What if you could sit down beside Jesus as he explained the Bible to you? What life-changing insights might emerge?
Vast treasures await us when we read the Scriptures as a native, through the eyes of one of Jesus’s first-century Jewish disciples. Combining careful research with engaging prose, Lois Tverberg acts as a master guide, transporting us across the cultural divide between our world and that of the Bible.
As we begin to understand “how the Bible thinks,” our own thinking will be transformed as well, and we will be able to approach God and the stories and teaching of Scripture with fresh insight. By opening our eyes to the way Middle Eastern people would have understood Jesus, Lois Tverberg takes us on a journey that will deepen our love of this very Jewish book, enriching our lives in the process.
In the Logos edition, this volume is enhanced by amazing functionality. Important terms link to dictionaries, encyclopedias, and a wealth of other resources in your digital library. Perform powerful searches to find exactly what you’re looking for. Take the discussion with you using tablet and mobile apps. With Logos Bible Software, the most efficient and comprehensive research tools are in one place, so you get the most out of your study.
“The act of anointing with sacred oil emphasized that it was God himself who had ordained a person and given him authority to lead his people and act as his representative.” (Page 44)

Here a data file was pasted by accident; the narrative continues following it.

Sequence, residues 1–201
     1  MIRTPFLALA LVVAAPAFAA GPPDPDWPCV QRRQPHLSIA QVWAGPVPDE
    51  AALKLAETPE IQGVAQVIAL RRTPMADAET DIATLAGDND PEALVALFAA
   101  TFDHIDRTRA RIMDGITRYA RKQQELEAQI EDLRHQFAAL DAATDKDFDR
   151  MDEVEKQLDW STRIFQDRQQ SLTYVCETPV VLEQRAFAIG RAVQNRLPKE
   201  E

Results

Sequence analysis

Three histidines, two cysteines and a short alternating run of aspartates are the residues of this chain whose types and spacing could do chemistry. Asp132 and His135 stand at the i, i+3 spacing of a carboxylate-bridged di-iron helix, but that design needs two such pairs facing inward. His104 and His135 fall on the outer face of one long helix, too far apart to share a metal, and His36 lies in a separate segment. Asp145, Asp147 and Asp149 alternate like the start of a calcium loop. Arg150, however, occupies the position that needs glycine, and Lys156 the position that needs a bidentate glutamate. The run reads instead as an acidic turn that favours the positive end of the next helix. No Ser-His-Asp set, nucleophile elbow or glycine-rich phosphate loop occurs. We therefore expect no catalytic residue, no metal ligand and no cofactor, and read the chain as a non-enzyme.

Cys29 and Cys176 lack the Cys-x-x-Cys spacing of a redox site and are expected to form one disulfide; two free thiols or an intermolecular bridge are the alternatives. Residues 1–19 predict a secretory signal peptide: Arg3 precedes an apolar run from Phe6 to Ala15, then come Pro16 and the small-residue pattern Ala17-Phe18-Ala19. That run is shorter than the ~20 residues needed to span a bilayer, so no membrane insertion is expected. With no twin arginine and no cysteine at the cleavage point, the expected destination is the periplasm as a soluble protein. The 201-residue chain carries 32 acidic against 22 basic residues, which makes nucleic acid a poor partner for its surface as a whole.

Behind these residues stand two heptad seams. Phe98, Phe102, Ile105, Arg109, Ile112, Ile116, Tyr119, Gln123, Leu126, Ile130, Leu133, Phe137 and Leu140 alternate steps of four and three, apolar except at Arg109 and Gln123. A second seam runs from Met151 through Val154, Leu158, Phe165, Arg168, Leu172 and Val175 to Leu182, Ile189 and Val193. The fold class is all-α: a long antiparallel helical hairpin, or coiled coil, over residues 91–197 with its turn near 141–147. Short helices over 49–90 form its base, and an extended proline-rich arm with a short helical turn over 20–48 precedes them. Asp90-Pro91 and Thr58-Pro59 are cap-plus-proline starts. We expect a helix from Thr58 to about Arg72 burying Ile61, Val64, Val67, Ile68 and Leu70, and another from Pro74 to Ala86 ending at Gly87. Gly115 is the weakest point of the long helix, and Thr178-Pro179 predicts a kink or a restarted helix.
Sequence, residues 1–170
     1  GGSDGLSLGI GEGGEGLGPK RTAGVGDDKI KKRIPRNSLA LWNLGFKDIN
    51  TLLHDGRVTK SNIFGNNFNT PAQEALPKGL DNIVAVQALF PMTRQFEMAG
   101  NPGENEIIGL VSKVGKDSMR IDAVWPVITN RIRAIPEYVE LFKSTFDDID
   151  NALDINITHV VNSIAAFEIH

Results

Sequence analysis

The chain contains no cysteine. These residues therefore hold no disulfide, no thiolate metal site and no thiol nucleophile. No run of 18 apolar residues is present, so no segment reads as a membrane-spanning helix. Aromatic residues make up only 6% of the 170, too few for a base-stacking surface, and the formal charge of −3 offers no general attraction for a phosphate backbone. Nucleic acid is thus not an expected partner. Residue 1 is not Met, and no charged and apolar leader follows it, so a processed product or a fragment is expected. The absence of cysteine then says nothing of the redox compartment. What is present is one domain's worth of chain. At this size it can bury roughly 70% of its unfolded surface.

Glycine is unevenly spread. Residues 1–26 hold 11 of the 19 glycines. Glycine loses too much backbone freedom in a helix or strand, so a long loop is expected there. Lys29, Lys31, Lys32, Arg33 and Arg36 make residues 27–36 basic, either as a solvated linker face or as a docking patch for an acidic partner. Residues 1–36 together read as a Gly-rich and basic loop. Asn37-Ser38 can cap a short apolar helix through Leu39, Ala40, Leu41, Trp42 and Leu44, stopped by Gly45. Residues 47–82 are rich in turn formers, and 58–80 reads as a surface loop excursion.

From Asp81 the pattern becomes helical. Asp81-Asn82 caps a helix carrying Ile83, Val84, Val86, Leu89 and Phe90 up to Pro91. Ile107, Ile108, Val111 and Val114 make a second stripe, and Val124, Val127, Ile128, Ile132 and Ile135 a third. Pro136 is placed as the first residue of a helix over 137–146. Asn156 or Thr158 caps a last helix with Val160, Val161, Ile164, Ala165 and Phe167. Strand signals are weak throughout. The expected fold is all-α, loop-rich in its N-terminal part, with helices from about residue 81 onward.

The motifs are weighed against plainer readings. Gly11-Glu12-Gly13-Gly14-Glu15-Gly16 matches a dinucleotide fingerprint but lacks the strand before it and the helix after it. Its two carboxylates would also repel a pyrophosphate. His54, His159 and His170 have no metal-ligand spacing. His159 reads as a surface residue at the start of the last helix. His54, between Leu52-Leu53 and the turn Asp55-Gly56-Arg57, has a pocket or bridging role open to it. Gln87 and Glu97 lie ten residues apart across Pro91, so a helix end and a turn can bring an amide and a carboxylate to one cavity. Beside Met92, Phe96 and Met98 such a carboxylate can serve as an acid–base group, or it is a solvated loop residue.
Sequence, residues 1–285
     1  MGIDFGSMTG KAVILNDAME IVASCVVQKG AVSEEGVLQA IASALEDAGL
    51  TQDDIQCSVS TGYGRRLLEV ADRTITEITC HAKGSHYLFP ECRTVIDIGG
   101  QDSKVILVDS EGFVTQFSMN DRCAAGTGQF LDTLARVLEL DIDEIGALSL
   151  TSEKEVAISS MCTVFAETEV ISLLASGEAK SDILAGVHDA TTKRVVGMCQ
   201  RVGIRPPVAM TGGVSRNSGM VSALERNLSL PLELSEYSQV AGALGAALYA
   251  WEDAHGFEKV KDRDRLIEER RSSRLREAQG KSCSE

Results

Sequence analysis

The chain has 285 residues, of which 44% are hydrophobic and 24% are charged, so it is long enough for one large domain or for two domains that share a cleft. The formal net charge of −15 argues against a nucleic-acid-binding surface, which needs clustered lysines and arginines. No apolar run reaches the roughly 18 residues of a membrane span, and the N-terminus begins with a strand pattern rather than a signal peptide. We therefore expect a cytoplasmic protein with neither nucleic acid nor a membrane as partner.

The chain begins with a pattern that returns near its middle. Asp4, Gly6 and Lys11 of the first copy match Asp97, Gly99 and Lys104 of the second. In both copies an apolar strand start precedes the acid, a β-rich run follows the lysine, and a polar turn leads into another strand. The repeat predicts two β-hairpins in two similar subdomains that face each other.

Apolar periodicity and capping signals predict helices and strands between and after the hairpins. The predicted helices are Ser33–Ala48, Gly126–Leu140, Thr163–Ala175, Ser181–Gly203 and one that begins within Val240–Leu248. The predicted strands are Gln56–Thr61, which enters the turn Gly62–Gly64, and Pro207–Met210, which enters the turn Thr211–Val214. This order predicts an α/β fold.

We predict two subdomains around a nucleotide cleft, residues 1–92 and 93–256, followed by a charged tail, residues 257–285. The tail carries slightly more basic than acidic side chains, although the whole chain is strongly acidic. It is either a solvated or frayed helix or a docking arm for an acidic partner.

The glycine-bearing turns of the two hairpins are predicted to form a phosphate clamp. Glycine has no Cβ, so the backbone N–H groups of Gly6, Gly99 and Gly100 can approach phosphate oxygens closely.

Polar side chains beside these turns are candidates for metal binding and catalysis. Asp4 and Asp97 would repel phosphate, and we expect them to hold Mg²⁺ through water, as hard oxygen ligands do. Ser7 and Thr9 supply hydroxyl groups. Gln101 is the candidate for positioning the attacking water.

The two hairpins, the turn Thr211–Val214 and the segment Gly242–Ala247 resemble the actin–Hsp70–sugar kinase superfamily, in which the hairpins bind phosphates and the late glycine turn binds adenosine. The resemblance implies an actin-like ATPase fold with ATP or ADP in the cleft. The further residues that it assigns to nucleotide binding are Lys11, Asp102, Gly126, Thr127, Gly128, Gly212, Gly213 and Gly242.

“So the most prominent idea within the title ‘Christ’ is actually that of a king. In simple terms, we could say that ‘Jesus Christ’ means, ‘Jesus, God’s chosen King.’” (Page 44)
“We derive our basic identity from our work outside of the home, not from the growth and strength of our family.” (Page 37)
“Could it be that the ‘D’ in WEIRD, which stands for ‘democratic,’ is coloring our understanding? We live in an egalitarian society that emphasizes personal autonomy, freedom, and individual rights. We expect to have a vote in every decision that affects us. So we bristle at submitting to any kind of authority, to the point where central biblical metaphors like God establishing his ‘kingdom’ on earth and the Messiah as God’s anointed ‘King’ simply do not resonate. To the contrary, this imagery may actually offend us.” (Page 53)
“We define ourselves in terms of our rights and freedoms. By contrast, much of the world doesn’t see personal autonomy as an important value. Rather, they view people principally as members of groups—families, tribes, and nations—that make strong claims on the people’s loyalty. What defines you are your relationships, and what orders your life are your responsibilities to others, not your personal freedom to do what you like.” (Page 38)
In her delightful style, Lois Tverberg engagingly leads us across cultures to begin to envision a different worldview, a worldview more consistent with the world of most of Scripture. In so doing, she brings alive biblical texts from the inside.
—Craig S. Keener, F. M. and Ada Thompson Professor of Biblical Studies, Asbury Theological Seminary
Thanks to the good work of biblical scholars, the historical Jesus of Nazareth is once again situated in his divinely designed Second Temple period Jewish context. The next critical step is to understand that hearing him in his original setting equips us to follow him more faithfully in ours. The latest from Lois Tverberg is a meaningful contribution to that end. Read this book for a more informed reading of The Book.
—James C. Whitman, president, Center for Judaic-Christian Studies
In Reading the Bible With Rabbi Jesus, Lois Tverberg opens up the Scriptures we all love and shines a fascinating new light on them. As she gracefully bridges the culture gap between Jesus' first Jewish followers and twenty-first century Christians and unites the Old and New Testaments, I found myself falling in love with the Bible all over again. Lois is a superb teacher, using story and gentle humor to great effect. I devoured this fascinating book. Highly recommended!
—Lynn Austin, author of Where We Belong